In TAV we captured the opportunity on time. We understood that the privatisation of airport business would be a good business because of the privatisation of airline companies and the potential of expected passengers who would use air travel. When we entered this business, Turkey had 30 million passengers per year; now this number soared to 300 million per year. Our first airport, Ataturk Airport, had 10 million passengers per year, and now it has 60 million passengers per year. We captured and forecasted this tremendous growth. This is the primary reason for the success of the TAV. Secondly, we managed to complete our projects on time, on budget and with desired quality. Those factors were the golden rules of project management in the past. It was good enough to finish the projects in those terms. We added another layer to this model, sustainability. The project should open a window of opportunity for future projects. After building Ataturk airport in Istanbul, we successfully won the bid for Ankara, İzmir and many other airport projects because of our mentality of sustaining the success. We are now operating seventeen airports around the globe. Right now, TAV construction is in the development process of seven different airports. We have many service companies to operate our airports to the fullest extent. We integrated both vertically and horizontally all of our service companies with the use of matrix management structure to achieve operational excellence and governance. We incorporate the diversity of all the operations like duty-free shopping, food and beverage, ground handling, maintenance services, airport management, IT systems, and security. At the same time, because we integrate every of them into a collective system, we are managing a matrix portfolio. The organisational architecture is significantly different compared to competitors in our sector. Some of our peers in the Airport business are doing ground handling. Some are doing only duty-free. We are the only company doing everything. Also, we design and construct the airports that we operate. Last but not the least, we finance this entire development process. The integration of all those services and expertise creates a unique synergy for our company that creates a steep competitive advantage compared to competitors. As I told you earlier, in TAV, we added another integral layer into our project management cycle, which is sustainability. There are two types of sustainability. The first one is the traditional use of the word which reflects the environmental sustainability, resource utilisation in a sustainable way. We give utmost importance to environmental sustainability. We are participating in a CO2 offset accreditation programme of the Airport Council International. We are using natural gas instead of fossil fuels to reduce our carbon footprint. In some airports, we applied solar electricity generation methodologies to improve the green nature of our airport. We implement waste-water treatment systems to increase the use of grey water in our operations. The second use of the word sustainability is regarding economic viability. Economic sustainability comes with the corporate governance. We never grow our organisation inorganically. We are after smart growth meaning we never outpace the financial and operational capabilities while growing.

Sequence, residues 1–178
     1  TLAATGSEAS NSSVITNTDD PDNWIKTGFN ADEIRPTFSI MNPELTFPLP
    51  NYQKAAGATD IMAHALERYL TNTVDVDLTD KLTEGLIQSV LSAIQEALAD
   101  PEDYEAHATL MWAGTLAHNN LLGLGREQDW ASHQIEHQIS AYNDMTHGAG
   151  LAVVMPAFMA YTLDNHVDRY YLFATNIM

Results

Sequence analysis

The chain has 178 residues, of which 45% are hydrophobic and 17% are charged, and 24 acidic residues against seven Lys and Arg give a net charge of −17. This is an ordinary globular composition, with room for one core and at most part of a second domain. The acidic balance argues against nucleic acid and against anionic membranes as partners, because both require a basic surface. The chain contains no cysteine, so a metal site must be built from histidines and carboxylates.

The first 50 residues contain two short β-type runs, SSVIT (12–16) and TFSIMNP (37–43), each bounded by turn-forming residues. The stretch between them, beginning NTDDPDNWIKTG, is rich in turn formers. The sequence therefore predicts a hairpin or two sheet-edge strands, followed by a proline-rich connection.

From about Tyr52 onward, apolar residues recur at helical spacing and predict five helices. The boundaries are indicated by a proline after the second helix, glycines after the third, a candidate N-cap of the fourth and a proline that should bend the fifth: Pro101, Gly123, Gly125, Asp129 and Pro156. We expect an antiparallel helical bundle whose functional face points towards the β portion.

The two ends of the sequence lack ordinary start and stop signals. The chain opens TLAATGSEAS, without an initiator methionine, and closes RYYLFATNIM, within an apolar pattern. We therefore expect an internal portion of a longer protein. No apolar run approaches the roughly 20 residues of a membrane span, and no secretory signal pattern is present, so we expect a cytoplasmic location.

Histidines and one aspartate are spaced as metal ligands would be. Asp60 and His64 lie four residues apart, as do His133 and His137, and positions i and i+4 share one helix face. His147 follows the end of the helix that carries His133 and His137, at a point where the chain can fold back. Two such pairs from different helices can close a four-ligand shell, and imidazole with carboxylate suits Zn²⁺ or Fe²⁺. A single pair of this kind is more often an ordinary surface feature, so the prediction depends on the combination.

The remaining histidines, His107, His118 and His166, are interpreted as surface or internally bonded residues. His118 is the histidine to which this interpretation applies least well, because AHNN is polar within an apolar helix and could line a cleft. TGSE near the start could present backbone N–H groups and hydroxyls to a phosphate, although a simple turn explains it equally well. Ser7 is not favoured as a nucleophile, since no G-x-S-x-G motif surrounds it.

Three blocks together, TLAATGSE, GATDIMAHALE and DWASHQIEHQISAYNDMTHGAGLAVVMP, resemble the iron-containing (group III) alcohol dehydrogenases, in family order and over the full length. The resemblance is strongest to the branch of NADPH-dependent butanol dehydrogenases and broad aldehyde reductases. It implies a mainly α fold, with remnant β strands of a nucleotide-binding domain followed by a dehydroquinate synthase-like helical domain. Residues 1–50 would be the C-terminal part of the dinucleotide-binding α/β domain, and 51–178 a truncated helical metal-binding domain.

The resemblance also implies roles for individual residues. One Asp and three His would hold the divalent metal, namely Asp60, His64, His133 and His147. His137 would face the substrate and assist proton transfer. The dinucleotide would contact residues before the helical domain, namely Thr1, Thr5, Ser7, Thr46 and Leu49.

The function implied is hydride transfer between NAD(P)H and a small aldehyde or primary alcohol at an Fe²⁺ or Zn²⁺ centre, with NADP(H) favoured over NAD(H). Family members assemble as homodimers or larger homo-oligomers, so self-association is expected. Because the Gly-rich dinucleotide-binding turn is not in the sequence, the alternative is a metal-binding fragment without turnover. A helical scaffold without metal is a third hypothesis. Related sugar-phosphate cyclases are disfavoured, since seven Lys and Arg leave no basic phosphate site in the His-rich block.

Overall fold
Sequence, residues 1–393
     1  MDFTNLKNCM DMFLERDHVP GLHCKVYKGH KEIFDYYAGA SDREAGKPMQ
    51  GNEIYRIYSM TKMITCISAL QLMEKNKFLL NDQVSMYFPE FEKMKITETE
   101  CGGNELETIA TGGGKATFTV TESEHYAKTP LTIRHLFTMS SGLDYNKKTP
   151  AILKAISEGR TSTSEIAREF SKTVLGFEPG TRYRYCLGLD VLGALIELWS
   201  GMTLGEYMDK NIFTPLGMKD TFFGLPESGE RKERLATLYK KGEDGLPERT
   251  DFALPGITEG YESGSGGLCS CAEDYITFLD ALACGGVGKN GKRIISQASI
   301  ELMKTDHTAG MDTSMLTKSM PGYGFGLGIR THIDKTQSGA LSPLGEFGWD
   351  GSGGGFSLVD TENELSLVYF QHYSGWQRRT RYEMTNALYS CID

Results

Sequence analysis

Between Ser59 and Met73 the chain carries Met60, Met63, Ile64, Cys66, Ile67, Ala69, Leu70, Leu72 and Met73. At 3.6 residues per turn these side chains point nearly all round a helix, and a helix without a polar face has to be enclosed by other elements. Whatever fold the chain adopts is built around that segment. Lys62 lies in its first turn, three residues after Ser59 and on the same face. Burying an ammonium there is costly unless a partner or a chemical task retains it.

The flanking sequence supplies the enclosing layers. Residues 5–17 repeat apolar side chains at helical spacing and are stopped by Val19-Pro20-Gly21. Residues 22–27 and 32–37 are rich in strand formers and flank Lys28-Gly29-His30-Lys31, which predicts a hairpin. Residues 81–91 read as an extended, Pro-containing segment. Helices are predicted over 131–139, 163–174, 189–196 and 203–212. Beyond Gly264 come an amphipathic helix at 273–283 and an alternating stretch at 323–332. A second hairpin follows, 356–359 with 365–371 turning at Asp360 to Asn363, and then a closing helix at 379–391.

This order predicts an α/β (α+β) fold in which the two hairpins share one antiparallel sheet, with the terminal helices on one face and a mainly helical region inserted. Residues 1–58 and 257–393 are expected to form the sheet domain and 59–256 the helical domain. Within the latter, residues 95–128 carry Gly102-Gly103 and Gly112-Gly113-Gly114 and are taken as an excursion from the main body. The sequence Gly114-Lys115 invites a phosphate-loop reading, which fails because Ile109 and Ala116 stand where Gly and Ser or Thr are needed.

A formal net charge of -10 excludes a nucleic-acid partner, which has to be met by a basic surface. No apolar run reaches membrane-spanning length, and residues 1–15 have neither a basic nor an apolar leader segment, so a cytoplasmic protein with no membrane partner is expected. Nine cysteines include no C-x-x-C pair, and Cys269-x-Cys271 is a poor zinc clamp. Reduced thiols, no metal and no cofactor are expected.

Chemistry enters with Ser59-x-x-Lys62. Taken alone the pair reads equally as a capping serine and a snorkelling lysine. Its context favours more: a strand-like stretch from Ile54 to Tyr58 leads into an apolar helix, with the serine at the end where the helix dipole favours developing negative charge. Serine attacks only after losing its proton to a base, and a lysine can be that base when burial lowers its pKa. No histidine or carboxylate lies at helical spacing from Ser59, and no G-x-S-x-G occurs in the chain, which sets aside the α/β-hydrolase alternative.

It seems that TAV grew significantly. What was your plan to tackle with stagnation and bureaucracy in the company?